|Chennai||Rs. 25020.00 (-0.32%)|
|Mumbai||Rs. 26110.00 (0.19%)|
|Delhi||Rs. 25850.00 (0%)|
|Kolkata||Rs. 25720.00 (-0.66%)|
|Kerala||Rs. 24850.00 (-0.6%)|
|Bangalore||Rs. 25200.00 (0%)|
|Hyderabad||Rs. 25020.00 (-0.2%)|
Is weaving a skill? Should the government’s National Skill Development Programme include weaving and handicraft among the skills it imparts to youths?
About 35 sector skill councils are being set up and, according to sources, the government might set up a sector skill council for handlooms and handicrafts. The effort is being made under the initiative of the International Labour Organisation.
The recent India International Trade Fair, held in Delhi, with its theme “skilling India”, focused on handlooms and handicrafts as one of the skills that are being promoted. But the ground reality is quite different. Government figures project a human resource requirement of 26,200,000 artisans in textile and clothing over the next decade.
This, of course, is not about the unsung weavers and it’s not clear whether the sector skill council will help create more or make the existing ones relevant and market-ready. In pro forma sessions, the government has been seeking the advice of experts in this field before the drafting of every Five Year Plan. Yet, it has still not been able to crack the code for making weaving and handicrafts a viable occupation.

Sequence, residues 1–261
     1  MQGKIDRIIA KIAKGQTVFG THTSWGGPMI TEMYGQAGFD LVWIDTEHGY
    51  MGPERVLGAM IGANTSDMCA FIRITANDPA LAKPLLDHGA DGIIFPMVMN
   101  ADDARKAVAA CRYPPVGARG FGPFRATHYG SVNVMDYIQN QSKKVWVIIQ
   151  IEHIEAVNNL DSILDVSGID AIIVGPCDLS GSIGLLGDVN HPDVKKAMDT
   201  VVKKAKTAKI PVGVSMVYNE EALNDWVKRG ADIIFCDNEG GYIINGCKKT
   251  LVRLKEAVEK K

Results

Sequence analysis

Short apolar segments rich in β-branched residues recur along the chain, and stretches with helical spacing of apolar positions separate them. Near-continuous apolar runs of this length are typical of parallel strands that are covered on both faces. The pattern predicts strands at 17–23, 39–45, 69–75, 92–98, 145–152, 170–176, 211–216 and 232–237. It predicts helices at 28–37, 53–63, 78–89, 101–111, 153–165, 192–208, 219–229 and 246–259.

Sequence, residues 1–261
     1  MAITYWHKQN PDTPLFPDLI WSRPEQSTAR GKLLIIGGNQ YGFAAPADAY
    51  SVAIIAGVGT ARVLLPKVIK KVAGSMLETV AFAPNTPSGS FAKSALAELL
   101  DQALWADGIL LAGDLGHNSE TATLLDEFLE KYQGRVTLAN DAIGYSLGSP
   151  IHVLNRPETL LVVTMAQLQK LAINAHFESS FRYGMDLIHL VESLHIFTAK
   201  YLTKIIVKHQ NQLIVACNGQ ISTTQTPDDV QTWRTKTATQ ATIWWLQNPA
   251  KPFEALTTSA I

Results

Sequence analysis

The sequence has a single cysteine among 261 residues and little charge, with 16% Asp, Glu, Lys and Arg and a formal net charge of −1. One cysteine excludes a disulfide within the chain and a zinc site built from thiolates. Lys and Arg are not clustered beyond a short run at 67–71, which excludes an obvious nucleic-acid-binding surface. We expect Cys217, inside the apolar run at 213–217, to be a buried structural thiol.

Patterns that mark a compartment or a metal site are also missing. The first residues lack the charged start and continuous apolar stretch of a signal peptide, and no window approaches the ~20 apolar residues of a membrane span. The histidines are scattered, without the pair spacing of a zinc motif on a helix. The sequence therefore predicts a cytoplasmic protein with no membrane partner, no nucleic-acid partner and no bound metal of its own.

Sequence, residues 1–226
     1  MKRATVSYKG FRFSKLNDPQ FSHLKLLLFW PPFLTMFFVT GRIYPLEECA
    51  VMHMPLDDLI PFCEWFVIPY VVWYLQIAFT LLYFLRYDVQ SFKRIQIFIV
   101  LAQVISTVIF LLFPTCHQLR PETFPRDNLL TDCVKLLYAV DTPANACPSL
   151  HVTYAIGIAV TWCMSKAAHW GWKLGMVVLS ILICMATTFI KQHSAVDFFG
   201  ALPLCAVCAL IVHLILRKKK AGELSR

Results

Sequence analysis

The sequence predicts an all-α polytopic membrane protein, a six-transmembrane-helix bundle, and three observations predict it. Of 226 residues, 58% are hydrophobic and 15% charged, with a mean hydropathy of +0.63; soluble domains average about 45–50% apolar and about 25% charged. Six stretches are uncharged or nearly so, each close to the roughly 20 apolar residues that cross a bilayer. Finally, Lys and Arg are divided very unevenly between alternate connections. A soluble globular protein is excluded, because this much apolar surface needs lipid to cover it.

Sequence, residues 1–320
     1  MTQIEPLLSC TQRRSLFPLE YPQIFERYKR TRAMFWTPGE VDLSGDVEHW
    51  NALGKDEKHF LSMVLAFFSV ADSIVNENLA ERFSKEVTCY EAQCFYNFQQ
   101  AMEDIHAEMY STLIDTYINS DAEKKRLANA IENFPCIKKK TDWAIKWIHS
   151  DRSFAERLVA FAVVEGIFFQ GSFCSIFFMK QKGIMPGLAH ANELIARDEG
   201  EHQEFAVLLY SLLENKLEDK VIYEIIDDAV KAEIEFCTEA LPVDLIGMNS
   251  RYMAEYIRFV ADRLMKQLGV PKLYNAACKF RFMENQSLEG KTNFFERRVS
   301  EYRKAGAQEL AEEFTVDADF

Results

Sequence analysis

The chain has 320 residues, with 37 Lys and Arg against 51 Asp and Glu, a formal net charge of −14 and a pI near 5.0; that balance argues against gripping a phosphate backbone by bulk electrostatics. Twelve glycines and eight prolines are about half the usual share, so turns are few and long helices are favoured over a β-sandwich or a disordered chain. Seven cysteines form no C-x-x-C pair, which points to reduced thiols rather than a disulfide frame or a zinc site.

Jaya Jaitley has been part of many of these consultations, including the latest one prior to the drafting of the 12th Five Year Plan. She says the government has, so far, ignored the advice of people in the sector and listens to either corporate counsel or international agencies. She fears that talk about the sector skill council for the sector might just be a lot of hot air.
The government’s approach to addressing the troubles faced by weavers, she says, has been confined to doling subsidies and announcing schemes like the National Rural Employment Guarantee Act that de-skill them. Alternatively, it forces them to export. The government fails to recognise that weavers can tap a growing local market and does nothing to protect their culture that is linked to their skills, she says. In other words, the neglect to which artisans are subjected is as good as a implementing a de-skilling programme to drive people away from the impoverished existence that weaving and skills like pottery offer.
Jaitley, who is behind the unique market linkage platform of Dilli Haat, says the problem of artisans and weavers is that thousands of them have skills. But no work and no access to markets. People are leaving skills and what the sector needs is more thrust on marketing.
If a sector skill council is to create more weavers or artisans, she says, it won’t help at all. “Even 20 years ago, when the government was discussing income generation, I had asserted that the government should not teach handicrafts or papad-making or tailoring. But teach artisans how to make soaps or other consumables. Give a dhoti cooperative 10 washing machines and that would create incomes,” says Jaitley. Clearly, to save skills like weaving and handicrafts is another ball game and might require a different outlook altogether.